Retrieved from Pulau Ubin- the last rural corner of Singapore. (n.d.). Retrieved 10 April 2010 from http://www.ecologyasia.com/html-loc/pulau-ubin.htm
During the field trip to Pulau Ubin, some mudskippers fascinate me. Mudskipper that are usually found in the mangrove area of Pulau Ubin are Blue-spotted mudskipper (Boleopthalmus boddarti) and Giant mudskipper (Periopthalmodon schlosseri)(Pulau Ubin- the last rural corner of Singapore, n.d).Mudskipper is a special animal that live in mud. Unlike most fishes, they are able to live in mudflat burrow which is oxygen-depleted. Besides that, their egg could also be deposited in such a condition (Ishimatsu et al, 1998). In order to survive in such condition they must have some adaptations and these adaptations are worth exploring.
According to some research, the burrow of mudskipper are always filled with water and the water level is unaffected by tidal oscillation. The dissolved oxygen concentration of the burrow water varied from almost none to more than 80% of that air-equilibrated water at the surface and it decline with depth(Ishimatsu et al, 1998). This shows that, the mudskipper has its own ability to interact well with the environment.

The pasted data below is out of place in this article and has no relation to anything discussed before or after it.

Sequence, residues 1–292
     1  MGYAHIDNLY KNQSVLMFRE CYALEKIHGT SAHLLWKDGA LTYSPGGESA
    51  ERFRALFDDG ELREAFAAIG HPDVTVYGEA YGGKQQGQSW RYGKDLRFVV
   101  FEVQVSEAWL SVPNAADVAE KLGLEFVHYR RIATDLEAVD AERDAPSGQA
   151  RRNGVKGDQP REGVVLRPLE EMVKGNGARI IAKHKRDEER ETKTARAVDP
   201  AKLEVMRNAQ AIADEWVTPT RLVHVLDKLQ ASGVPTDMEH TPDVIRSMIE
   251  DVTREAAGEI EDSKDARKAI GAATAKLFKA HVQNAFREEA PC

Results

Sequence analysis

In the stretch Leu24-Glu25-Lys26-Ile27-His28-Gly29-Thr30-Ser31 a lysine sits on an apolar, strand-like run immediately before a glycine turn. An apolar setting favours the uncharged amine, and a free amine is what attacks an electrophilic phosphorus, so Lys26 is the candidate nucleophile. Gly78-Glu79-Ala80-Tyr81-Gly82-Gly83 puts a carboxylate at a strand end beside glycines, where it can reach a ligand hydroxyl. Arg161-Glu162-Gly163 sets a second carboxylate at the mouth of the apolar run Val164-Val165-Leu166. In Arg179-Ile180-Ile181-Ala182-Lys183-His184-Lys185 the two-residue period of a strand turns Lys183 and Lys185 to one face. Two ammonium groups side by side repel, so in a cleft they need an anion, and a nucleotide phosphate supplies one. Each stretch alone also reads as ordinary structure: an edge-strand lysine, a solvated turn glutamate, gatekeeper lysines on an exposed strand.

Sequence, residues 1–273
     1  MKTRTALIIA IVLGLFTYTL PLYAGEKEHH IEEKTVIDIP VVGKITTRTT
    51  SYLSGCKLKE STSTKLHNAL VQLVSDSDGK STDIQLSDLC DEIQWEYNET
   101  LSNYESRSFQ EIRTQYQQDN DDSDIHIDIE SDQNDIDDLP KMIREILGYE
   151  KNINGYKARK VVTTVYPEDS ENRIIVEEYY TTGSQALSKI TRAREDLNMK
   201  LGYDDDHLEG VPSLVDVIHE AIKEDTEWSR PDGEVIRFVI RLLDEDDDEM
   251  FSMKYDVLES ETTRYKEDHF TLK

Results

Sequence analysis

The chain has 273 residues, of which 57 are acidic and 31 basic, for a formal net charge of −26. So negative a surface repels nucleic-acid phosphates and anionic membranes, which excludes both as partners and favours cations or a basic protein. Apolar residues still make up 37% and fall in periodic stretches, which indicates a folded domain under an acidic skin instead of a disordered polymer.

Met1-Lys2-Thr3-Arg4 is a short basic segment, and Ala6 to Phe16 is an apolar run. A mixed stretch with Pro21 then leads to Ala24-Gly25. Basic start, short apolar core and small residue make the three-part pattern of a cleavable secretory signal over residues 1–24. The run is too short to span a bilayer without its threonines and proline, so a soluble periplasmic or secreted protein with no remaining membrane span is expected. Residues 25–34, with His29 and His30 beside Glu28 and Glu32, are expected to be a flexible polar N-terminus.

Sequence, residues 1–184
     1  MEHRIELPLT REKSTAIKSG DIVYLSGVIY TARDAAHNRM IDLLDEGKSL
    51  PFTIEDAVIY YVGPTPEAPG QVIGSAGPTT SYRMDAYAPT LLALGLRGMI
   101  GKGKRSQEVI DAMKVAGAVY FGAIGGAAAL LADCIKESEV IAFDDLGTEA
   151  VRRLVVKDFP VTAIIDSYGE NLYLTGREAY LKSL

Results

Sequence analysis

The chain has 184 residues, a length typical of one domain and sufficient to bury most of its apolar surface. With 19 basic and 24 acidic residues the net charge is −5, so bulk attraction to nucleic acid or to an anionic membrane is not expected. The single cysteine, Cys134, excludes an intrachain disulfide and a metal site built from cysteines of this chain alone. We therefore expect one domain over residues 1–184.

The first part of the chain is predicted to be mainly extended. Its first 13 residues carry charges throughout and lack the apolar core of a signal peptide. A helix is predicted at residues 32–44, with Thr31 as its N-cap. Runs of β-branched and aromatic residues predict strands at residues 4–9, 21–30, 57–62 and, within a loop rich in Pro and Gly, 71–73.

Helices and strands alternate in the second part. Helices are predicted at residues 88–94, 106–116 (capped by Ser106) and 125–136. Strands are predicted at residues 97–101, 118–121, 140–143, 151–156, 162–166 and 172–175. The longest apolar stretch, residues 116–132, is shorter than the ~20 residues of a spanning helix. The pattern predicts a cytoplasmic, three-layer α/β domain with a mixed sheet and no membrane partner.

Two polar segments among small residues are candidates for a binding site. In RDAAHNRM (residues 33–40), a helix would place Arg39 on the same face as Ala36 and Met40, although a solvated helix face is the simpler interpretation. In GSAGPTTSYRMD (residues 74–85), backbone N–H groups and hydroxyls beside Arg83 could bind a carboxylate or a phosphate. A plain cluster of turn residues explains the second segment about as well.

From the research, the researchers observed that mudskippers transport air into the burrows. This is done through the inflation of the mudskipper’s buccopharyngeal cavity with air and when it emerged the cavity would deflated(Ishimatsu et al, 1998). This action of the mudskipper made the burrow filled with oxygen and suitable for them to live in. Besides that, mudskipper would take another gulp and reenter the burrow (Ishimatsu et al, 1998) to replenish the depleted oxygen concentration in the burrow. This is why we could see the head of mudskipper popping out from the mud. This adaptation is highly needed by the mudskipper so that they could live in a burrow. Besides that, this is also useful for them to breed their next generations.
Mudskippers take care of their young(Tan, 2001). During breeding burrow is built to deposit their eggs. As the young also need oxygen to survive, such behavior of mudskipper provide sufficient of oxygen for the embryo development.
Thus, mudskipper is has its own way of living and its adaptation for the interaction with the environment made them a successful animal.
Pulau Ubin- the last rural corner of Singapore. (n.d.). Retrieved 10 April 2010 from http://www.ecologyasia.com/html-loc/pulau-ubin.htm
Ishimatsu,A.(1998, January, 15) Mudskippers store air in their burrows. Retrieved 10 April 2010 from http://www.nature.com.libproxy1.nus.edu.sg/nature/journal/v391/n6664/full/391237a0.html#B1
Tan,R. (2001) Giant mudskippers. Retrieved 10 April 2010 from http://www.naturia.per.sg/buloh/verts/mudskipper.htm